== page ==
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Each spring and autumn hundreds of millions of birds – wildfowl, shorebirds, raptors, and passerines – migrate between higher and lower latitudes, or in some cases between high latitudes in the northern hemisphere and high latitudes in the southern hemisphere. In a handful of places around the world, a combination of geography, topography and climate combine to funnel migrant birds into narrow fronts, leading to migration hotspots, places where, for a few days each year, birds seem to be everywhere. The sight of thousands upon thousands of birds is one of nature's greatest wildlife spectacles.
Migration Hotspots takes a look at 30 of the locations where the planet's most dramatic bird migration can be witnessed, from raptor bottlenecks such as Veracruz (Mexico) and the Strait of Messina (Italy) to places like Point Pelée (Canada) and Beidaihe (China) where spectacular falls of songbirds can take place. And from wetlands where huge numbers of waders stop over each spring and autumn to the great rarity islands of Scilly and Heligoland.
Migration Hotspots: The World's Best Bird Migration Sites covers each of the world's major avian flyways and features stunning photography throughout. The geographical reasons for the importance of each hotspot are explained, with a summary of the different birds that pass through and the best times of year to see them, and an introductory chapter summarises birds' migration strategies.
Tim Harris has been fascinated by bird migration since as a young boy he witnessed swallows flying in off the sea at Selsey Bill, while terns streamed past and recently arrived warblers sang from scrub. He has since been birding in more than 40 countries and has been inspired over and over again by the sights and sounds of migration on all the world's major migration flyways. Tim was Deputy Editor of Birdwatch magazine between 1992 and 2000. He contributed to National Geographic's Complete Birds of the World, has written numerous articles and children's books about birds.
"[...] With its slightly oversized format, this book could, a first glance, easily be mistaken for an archetypal ‘coffee table ’ book – a format often dismissed by birders and those readers more usually drawn to field guides and species monographs. But this is a coffee-table book for birders, written by a birder fascinated by bird migration. [...] Twenty-nine sites are singled out as being ‘the world’s best’, a task that the author acknowledges was not easy. It is nice to see at least one location from each of the eight major migratory flyways, with representation of sites known for spectacular raptor, wildfowl, seabird, wader or passerine migration, as well as those known for their records of rare species. [...] If any aspect of a book could be judged by its cover, it would be that the photographs on the cover of this book brilliantly reflect the quality and depth of those found inside. The images are simply stunning, not to mention well reproduced: the finish and quality of the paper used in the printing clearly enhance this. I was also very pleased to see that the publisher has avoided the practice of spreading an image across two pages – usually all too common in books of this format. [...] Though Migration Hotspots is clearly no substitute for an in-depth site guide, despite the book ’s massive scope, Harris still manages to include in each site account enough information to satisfy. [...] As Tim Harris says, if just a few of those who leaf through the pages of this book are convinced that more needs to be done to save the world’s migratory birds, it will have served its purpose."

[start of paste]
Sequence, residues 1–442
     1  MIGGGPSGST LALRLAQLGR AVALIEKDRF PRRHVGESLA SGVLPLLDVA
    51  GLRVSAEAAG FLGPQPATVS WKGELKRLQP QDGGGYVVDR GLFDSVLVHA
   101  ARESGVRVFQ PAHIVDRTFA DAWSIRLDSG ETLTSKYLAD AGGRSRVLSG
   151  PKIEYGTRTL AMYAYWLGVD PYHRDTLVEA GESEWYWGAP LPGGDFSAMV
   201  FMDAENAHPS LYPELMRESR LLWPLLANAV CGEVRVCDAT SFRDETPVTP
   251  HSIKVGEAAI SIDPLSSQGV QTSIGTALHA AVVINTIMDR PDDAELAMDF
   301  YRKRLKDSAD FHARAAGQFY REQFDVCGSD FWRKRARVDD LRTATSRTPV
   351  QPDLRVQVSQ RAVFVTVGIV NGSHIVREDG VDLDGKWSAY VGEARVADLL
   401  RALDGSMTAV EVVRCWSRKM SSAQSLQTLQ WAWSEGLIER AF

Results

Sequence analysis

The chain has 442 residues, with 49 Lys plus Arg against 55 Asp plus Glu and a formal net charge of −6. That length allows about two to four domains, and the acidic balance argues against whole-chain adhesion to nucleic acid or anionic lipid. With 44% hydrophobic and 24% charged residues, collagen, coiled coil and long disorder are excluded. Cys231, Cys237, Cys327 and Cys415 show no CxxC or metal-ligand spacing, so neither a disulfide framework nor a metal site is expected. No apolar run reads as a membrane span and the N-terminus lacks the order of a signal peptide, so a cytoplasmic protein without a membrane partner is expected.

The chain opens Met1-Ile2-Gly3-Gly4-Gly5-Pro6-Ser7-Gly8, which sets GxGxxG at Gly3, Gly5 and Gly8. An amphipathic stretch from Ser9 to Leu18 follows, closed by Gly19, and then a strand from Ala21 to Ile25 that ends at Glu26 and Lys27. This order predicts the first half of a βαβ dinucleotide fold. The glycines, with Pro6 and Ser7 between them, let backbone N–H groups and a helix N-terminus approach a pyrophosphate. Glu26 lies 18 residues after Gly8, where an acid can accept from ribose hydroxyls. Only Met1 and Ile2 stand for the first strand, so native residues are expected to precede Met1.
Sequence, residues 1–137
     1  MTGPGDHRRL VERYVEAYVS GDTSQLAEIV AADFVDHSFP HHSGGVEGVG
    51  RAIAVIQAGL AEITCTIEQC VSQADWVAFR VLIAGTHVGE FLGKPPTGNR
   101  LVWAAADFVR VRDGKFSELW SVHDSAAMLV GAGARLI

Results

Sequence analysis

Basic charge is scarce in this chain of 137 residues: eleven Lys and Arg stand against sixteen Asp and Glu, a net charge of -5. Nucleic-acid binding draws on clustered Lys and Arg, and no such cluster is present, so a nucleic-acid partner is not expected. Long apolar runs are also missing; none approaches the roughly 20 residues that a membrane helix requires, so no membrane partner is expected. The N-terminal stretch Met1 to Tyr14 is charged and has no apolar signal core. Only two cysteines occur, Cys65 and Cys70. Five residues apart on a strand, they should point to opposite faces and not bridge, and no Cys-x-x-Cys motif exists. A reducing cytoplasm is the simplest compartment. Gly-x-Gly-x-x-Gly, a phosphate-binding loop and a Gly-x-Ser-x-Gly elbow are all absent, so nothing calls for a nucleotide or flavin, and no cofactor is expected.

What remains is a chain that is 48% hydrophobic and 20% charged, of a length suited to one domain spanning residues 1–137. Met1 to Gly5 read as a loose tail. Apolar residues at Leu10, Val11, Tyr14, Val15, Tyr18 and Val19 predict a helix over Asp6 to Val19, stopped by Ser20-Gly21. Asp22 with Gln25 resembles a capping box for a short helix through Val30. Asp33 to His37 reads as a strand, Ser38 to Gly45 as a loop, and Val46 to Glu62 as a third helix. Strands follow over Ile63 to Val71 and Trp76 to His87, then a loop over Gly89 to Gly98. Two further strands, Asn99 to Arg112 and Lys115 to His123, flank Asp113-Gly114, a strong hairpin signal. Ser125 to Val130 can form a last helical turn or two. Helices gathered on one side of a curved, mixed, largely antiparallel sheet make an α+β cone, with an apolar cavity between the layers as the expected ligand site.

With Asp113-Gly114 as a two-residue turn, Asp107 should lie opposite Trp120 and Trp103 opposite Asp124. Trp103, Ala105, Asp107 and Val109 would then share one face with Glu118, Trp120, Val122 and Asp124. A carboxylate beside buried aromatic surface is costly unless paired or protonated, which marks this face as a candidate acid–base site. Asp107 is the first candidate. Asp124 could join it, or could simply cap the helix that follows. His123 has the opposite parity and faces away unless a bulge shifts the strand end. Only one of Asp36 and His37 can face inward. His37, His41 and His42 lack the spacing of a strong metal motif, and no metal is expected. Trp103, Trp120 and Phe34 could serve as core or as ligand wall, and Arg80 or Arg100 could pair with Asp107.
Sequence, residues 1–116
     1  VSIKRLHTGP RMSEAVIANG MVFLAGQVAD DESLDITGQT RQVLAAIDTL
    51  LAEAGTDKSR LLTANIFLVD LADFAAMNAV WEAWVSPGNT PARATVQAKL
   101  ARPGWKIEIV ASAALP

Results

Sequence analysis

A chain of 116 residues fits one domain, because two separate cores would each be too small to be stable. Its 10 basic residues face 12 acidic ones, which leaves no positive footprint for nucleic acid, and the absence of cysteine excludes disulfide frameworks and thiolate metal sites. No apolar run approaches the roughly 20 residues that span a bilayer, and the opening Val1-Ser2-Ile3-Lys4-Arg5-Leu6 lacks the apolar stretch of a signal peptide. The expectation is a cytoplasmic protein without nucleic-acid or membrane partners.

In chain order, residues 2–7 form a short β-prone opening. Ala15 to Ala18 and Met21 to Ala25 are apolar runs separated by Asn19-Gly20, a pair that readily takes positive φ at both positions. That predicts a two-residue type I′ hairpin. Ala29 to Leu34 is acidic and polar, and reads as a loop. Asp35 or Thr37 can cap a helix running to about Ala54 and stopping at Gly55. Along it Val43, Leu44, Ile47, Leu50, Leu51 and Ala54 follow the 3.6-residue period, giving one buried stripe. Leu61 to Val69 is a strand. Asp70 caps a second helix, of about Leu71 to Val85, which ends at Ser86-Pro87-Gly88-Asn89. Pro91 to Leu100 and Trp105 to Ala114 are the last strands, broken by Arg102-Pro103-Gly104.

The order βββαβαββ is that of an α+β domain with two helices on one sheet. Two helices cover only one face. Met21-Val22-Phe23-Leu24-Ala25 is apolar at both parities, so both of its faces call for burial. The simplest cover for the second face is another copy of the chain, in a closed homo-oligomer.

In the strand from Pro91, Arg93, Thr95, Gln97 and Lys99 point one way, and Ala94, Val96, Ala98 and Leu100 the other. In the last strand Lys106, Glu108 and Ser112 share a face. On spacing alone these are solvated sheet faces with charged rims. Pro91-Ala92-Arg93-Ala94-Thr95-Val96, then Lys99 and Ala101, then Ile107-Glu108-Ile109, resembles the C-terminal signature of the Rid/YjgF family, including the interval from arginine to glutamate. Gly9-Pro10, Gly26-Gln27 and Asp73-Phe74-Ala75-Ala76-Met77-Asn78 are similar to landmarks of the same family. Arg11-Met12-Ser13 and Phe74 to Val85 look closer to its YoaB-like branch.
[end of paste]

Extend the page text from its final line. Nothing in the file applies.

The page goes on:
– Danaë Sheehan, Ibis, August 2014
"[...] Despite [...] faults, this is a well-produced book that does celebrate the wonders of bird migration. Hopefully, it will inspire people to visit these, and other, sites around the world and experience bird migration at its most thrilling. Sadly, those wishing to do so or those hoping to find out more about why and how birds migrate will have to look elsewhere for the information they desire. This is a book for the coffee table rather than the bookshelf."
– Richard Schofield, British Birds, 19-03-2014